The purpose of this study is to assess the effect of continuous positive airway pressure (CPAP) on functional outcome in patients with acute stroke, the investigators conducted a sham-controlled, double-blind pilot trial during inpatient rehabilitation.
Patients with acute stroke were recruited and randomly assigned to auto-titrating or sham-CPAP during their rehabilitation stay.
All acute stroke patients admitted to the inpatient rehabilitation service at the University of Washington were invited to participate in the study. Given the high prevalence of obstructive sleep apnea (OSA) in this population, no screen for OSA was performed. Enrolled patients were assigned randomly to active-CPAP with auto-titrating pressures or to sham-CPAP with an otherwise identical device but with pressures ≤ 1 cm water. Subjects used active or sham-CPAP for the duration of inpatient rehabilitation, but no longer than 28 days. CPAP compliance was assessed by memory card that recorded mask-on time. Other information on download, such as apnea-hypopnea index, was only available on active-CPAP and not assessed by investigators in real time. In this study, the investigators defined tolerance as any continued use of CPAP at night and adherence as mean hours of CPAP use per night in those who were CPAP tolerant.
- Auto-titrating CPAP Device
Intervention Desc: Auto-titrating CPAP was initiated after admission to the inpatient rehabilitation unit for the duration of rehabilitation but not exceeding 28 days. A respiratory therapist visited patients nightly to document adherence and address issues arising at night. A sleep technologist also met with patients at least twice weekly to monitor safety and adverse events and make any adjustments to the CPAP mask or machine. Efforts to improve adherence to CPAP for patients treated with active-CPAP included patient education, desensitization of CPAP through brief periods of daytime use, adjustments of humidity and mask (including addition of a chin strap), decreasing CPAP maximum pressure and use of expiratory pressure relief (CFlex) for patients treated with active-CPAP. ARM 1: Kind: Experimental Label: Active-CPAP Description: Patients assigned to active-CPAP were treated with auto-titrating CPAP, where an auto-titrator adjusted the delivered pressure between 4 to 20 cm of water to eliminate obstructive events for a goal apnea-hypopnea index less than or equal to 5.
- Sham-CPAP Device
Intervention Desc: Sham-CPAP was initiated after admission to the inpatient rehabilitation unit for the duration of rehabilitation but not exceeding 28 days. A respiratory therapist visited patients nightly to document adherence and address issues arising at night. A sleep technologist also met with patients at least twice weekly to monitor safety and adverse events and make any adjustments to the CPAP mask or machine. Efforts to improve adherence to CPAP for patients treated with sham-CPAP included patient education, desensitization of CPAP through brief periods of daytime use and adjustments of humidity and mask, including addition of a chin strap. ARM 1: Kind: Experimental Label: Sham-CPAP Description: The sham-CPAP device in our study was designed to entail no risks beyond those with standard CPAP and provide a high level of blinding. The sham-CPAP device is an auto-titrating CPAP with an internal flow restrictor and a modified elbow attached to the nasal mask. The elbow modification creates a larger than standard air leak that serves to prevent any chances of carbon dioxide rebreathing and delivers a pressure at the mask in¬terface of roughly 0.75 to 1 cm water. The elbow modification is not noticeable when the device is fully assembled to avoid the possibility of unblinding patients, providers, or study personnel. The elbow modification could only be used on standard nasal masks; consequently full facemasks and nasal pillows were excluded for patients in both active and sham-CPAP.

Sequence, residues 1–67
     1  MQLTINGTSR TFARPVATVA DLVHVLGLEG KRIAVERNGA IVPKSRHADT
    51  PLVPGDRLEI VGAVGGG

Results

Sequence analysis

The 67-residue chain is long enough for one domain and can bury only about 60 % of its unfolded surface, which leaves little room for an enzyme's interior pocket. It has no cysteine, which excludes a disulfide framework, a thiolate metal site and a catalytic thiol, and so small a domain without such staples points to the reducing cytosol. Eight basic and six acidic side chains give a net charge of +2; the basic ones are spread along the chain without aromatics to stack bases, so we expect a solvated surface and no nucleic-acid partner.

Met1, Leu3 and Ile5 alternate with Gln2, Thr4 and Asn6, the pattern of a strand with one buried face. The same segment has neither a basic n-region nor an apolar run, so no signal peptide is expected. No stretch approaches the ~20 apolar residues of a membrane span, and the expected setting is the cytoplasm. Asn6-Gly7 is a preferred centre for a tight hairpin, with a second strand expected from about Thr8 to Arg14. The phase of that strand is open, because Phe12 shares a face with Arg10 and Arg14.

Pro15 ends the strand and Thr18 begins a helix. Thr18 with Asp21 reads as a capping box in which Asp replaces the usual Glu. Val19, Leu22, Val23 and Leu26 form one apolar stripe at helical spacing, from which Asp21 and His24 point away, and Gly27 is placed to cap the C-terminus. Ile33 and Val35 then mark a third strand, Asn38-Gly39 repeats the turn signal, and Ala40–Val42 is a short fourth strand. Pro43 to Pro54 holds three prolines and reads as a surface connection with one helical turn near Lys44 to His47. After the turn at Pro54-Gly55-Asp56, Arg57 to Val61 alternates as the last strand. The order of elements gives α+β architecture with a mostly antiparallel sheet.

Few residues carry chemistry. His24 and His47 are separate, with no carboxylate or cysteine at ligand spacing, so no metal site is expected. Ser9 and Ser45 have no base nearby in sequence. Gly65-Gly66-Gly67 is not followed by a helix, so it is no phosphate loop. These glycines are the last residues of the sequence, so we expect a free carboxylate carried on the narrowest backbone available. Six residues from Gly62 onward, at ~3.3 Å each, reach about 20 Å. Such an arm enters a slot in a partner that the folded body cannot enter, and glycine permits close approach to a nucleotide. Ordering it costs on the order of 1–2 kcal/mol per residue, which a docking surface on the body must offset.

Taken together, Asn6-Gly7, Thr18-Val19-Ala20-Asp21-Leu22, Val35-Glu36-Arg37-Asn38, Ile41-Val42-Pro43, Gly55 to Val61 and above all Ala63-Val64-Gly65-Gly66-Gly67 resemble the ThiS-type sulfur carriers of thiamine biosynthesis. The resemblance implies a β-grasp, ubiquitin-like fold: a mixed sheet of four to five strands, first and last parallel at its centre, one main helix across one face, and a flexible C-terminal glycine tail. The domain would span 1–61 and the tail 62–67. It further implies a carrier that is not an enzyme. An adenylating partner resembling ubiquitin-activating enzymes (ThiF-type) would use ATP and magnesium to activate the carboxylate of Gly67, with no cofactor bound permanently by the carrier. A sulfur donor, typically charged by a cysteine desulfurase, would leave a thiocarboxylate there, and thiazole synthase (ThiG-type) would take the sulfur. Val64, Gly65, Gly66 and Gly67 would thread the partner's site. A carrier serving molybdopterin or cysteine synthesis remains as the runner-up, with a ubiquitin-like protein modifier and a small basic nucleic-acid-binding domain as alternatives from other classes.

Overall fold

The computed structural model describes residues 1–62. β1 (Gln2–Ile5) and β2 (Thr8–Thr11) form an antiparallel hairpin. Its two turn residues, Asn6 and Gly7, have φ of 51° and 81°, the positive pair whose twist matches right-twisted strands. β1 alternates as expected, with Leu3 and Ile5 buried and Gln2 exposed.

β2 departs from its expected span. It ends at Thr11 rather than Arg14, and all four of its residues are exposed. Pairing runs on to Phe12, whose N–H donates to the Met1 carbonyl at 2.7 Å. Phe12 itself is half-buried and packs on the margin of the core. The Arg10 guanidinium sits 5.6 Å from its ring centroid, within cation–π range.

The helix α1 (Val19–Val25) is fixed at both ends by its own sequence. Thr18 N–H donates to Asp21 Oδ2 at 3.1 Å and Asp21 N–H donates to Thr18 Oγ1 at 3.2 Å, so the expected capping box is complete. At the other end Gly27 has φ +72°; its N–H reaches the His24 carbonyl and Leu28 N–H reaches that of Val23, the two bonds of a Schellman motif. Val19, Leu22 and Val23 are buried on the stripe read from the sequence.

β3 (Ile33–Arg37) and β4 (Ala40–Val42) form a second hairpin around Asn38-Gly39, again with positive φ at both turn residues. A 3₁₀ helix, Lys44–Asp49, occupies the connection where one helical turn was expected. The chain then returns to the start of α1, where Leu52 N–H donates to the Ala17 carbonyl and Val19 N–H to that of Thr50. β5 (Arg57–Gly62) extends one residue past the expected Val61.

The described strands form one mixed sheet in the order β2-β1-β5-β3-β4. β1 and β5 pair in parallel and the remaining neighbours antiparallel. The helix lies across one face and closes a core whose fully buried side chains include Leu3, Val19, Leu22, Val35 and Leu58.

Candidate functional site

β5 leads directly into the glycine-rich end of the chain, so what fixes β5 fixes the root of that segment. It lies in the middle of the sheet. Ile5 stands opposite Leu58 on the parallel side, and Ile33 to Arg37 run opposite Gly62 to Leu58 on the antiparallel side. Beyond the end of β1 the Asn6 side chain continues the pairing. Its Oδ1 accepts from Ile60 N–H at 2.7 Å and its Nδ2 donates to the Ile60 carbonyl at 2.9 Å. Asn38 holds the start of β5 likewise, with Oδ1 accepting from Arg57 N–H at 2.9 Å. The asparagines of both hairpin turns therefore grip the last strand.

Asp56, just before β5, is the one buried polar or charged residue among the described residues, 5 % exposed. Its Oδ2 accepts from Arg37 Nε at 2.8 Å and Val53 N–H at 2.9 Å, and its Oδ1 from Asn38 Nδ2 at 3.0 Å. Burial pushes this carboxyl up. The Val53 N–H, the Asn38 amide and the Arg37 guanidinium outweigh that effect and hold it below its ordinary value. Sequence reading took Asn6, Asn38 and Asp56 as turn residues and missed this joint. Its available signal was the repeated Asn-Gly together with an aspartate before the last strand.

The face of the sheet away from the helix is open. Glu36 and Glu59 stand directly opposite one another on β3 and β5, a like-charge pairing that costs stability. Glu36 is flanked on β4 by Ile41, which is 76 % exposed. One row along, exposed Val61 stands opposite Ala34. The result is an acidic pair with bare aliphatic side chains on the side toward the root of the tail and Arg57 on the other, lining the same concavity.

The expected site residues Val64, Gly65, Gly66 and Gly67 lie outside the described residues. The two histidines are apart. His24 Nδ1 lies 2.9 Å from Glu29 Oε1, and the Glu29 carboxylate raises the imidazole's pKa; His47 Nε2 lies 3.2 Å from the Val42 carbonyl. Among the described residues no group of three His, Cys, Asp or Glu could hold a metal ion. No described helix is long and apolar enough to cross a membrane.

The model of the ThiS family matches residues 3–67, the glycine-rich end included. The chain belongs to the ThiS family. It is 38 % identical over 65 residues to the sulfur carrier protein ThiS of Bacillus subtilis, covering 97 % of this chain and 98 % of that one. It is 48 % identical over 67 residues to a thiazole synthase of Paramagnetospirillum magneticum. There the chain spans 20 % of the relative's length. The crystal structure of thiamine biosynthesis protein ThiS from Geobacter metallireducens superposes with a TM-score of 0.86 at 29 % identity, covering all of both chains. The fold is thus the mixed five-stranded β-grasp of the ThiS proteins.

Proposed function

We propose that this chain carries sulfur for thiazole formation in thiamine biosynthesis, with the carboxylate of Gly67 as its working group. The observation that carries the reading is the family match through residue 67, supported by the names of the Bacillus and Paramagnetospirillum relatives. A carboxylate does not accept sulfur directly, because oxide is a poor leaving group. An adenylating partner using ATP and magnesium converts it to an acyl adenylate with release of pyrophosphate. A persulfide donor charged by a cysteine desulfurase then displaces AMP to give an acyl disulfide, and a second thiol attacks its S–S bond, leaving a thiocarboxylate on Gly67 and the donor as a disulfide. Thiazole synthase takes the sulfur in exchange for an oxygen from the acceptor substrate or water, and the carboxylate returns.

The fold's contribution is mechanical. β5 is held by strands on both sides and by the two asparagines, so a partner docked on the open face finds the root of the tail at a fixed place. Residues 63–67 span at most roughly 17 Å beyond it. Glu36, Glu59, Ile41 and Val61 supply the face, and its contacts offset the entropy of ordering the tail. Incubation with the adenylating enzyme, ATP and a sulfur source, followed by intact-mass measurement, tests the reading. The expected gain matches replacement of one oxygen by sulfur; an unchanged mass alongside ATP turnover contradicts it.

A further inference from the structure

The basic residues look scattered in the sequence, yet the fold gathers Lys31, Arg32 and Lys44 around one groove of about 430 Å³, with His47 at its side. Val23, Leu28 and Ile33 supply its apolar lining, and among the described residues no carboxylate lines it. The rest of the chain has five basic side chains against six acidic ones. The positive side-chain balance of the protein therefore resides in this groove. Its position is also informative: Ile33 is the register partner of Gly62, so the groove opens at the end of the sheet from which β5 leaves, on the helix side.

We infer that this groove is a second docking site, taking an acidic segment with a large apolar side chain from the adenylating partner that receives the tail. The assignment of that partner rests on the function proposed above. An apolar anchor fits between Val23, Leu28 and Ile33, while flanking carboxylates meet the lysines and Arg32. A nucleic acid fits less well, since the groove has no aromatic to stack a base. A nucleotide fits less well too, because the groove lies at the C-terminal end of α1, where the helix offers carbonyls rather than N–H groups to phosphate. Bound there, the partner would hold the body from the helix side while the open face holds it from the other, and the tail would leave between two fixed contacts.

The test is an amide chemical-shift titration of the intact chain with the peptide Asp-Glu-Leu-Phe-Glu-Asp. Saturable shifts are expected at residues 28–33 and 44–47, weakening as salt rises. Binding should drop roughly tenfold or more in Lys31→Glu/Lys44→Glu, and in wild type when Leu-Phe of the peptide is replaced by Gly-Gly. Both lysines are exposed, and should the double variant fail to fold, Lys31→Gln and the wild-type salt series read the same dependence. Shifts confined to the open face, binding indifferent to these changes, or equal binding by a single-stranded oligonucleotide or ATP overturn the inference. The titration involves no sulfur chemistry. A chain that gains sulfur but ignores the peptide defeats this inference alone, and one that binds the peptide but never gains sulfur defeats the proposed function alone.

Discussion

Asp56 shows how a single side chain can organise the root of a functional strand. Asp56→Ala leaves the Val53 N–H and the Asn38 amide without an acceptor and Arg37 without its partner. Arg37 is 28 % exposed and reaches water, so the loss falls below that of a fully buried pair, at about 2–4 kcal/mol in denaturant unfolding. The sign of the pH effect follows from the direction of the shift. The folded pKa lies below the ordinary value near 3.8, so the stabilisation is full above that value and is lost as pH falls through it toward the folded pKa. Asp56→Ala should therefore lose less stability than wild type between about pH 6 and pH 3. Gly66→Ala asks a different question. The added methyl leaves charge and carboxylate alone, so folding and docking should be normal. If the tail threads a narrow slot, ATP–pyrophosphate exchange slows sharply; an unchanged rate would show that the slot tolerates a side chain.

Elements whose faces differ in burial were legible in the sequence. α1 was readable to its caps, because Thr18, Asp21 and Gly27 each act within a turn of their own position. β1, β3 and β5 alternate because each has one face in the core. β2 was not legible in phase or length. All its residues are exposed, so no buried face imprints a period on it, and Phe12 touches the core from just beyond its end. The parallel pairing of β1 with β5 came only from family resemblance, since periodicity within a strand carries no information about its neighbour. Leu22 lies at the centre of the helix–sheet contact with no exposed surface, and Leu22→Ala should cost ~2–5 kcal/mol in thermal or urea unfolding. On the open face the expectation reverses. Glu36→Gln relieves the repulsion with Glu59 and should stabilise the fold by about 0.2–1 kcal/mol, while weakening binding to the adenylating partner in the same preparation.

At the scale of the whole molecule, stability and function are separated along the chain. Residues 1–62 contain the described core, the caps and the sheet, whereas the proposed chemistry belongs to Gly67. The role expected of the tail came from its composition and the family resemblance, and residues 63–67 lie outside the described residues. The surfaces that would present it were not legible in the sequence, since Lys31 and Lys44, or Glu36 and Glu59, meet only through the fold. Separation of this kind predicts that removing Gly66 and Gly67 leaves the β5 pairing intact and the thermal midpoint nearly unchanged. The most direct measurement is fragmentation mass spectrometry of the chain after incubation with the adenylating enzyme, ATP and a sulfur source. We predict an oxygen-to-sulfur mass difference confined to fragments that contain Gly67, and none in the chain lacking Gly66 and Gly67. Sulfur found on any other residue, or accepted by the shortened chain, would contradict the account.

- Allocation: Randomized
- Masking: Double Blind (Subject, Caregiver, Investigator, Outcomes Assessor)
- Purpose: Treatment
- Endpoint: Safety/Efficacy Study
- Intervention: Parallel Assignment
|Type||Measure||Time Frame||Safety Issue|
|Primary||Feasibility of enrolling eligible stroke patients admitted to inpatient rehabilitation for an acute ischemic or hemorrhagic stroke into a pilot, randomized clinical trial of active versus sham CPAP.||18 months||No|
|Secondary||Improve adherence to CPAP in all patients enrolled in this clinical trial.||18 months||No|
|Secondary||The effect of auto-titrating CPAP on neurological recovery compared to sham-CPAP.||18 months||No|